Edited By Stephen Wilson and Deborah Jaffé
What is a memory of the future? Is it a myth, a fiction of a severed arm, a post-human debate or a broken time machine? In an increasingly insecure future-world there is an urgency to consider and debate these questions. Memories of the Future: On Countervision addresses these concerns by speculating on the connections between memory and futurity in fields such as counter-histories, women’s studies, science fiction, art and design, technology, philosophy and politics. This book reveals how these subjects regenerate at the intersections of vision, counter-cultural production and the former present. The volume links the re-imaginings of memory into the present with topics such as the fever dream allegory of the adolescent social experience, soft technologies of future dress, reinventions of monetary exchange, rekindled subjectivities of school days, and technics and human progression. These countervisions argue against the homogenizing status quo of the present in order to challenge the customs, traditions and conventions of the past and propositions of the future.
7 The Blackening of Epekeina Tes Ousias: The Death of the Sun and the Death of Philosophy (Liam Sprod)
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7 The Blackening of Epekeina Tes Ousias: The Death of the Sun and the Death of Philosophy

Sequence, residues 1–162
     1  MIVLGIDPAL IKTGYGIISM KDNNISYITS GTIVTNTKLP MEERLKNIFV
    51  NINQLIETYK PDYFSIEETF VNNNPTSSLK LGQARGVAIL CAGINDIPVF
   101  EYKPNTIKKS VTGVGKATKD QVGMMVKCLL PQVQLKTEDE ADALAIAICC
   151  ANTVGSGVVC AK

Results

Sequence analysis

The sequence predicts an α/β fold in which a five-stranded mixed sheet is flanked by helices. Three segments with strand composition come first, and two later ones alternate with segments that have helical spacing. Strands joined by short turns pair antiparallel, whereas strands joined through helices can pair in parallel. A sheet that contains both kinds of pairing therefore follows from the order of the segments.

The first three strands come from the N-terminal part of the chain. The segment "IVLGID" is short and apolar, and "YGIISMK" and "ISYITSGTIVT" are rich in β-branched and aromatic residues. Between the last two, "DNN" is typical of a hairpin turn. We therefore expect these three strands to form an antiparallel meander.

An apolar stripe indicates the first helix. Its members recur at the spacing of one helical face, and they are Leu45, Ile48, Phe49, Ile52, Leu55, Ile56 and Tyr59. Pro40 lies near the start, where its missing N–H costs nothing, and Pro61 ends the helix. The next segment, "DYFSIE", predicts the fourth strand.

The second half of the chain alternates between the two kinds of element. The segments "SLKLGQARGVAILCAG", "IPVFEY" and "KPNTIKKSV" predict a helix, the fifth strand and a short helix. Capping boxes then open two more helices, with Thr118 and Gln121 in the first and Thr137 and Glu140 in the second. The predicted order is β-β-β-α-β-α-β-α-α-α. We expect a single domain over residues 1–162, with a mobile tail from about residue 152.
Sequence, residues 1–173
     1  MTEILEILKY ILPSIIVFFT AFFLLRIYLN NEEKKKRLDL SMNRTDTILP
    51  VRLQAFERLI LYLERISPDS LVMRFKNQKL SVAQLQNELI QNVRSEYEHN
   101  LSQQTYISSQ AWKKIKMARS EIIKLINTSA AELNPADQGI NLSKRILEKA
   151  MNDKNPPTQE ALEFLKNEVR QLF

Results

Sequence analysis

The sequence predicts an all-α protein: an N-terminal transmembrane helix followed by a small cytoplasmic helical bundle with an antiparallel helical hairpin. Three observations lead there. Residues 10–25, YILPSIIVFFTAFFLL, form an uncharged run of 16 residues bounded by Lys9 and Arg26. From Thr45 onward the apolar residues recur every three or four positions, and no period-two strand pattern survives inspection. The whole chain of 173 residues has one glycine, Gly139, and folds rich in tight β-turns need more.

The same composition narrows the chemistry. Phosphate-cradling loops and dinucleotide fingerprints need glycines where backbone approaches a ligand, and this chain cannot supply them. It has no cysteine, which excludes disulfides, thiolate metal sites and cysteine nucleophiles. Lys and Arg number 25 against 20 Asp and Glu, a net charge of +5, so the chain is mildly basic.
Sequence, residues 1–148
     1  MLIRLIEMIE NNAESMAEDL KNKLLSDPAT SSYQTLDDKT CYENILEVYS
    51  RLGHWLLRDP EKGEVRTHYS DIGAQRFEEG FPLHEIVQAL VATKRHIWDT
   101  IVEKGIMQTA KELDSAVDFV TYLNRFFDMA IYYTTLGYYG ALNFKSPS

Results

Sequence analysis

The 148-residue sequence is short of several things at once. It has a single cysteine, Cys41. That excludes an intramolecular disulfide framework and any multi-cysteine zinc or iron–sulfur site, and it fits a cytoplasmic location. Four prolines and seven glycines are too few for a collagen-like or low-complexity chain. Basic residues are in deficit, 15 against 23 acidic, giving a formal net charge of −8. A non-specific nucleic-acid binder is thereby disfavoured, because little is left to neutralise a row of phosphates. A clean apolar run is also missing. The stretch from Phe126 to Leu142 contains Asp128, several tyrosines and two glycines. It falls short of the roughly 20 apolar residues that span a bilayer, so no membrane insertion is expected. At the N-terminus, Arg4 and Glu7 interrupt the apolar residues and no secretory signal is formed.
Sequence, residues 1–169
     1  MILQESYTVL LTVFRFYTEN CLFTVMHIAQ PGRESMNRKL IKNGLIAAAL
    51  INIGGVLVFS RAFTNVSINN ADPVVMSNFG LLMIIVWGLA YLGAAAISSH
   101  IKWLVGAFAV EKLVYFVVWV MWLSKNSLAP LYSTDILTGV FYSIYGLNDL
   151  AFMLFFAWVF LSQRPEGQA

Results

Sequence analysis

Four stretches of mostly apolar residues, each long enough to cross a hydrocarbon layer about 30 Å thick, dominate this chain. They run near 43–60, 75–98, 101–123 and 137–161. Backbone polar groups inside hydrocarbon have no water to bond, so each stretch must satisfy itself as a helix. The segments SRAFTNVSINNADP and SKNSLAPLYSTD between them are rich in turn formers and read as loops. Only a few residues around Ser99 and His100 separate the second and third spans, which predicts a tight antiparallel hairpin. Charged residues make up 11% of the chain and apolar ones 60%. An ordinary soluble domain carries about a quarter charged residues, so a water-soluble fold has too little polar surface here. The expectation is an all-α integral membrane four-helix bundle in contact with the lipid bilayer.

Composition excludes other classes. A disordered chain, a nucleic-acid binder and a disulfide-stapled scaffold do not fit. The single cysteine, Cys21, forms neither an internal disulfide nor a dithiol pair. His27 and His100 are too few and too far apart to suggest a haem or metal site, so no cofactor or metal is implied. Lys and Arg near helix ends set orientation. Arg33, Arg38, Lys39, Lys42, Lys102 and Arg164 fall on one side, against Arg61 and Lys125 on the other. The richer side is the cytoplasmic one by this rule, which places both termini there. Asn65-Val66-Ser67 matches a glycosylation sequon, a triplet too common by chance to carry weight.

The image of the sun has a prestigious philosophical pedigree. This stretches back to Plato’s Republic and the famous allegory of the cave in Book 7, which compares the world of things to flickering shadows cast upon the wall of a cave, and the truth to the sunlit world above, which stands in for the Platonic realm of the forms, all ultimately united in the form of the good. Earlier, in Book 6, Plato directly elaborates the form of the good through the metaphor of the sun. There, through the voice of Socrates, he outlines how ‘The sun … not only gives visible things the power to be seen but also provides for their coming-to-be, growth, and nourishment – although it is not itself coming to be’. And thus, through the extension of the metaphor, ‘you should also say that not only do the objects of knowledge owe their being known to the good, but their existence and being are also due to it’. Immediately after this important insight into the form of the good Plato adds an important qualification, he writes that, ‘although the good is not being, but something yet beyond being [epekeina tes ousias], superior to it in rank and power’.1 It is because the form of the good, and by extension of the metaphor, the sun, is beyond being (which I...
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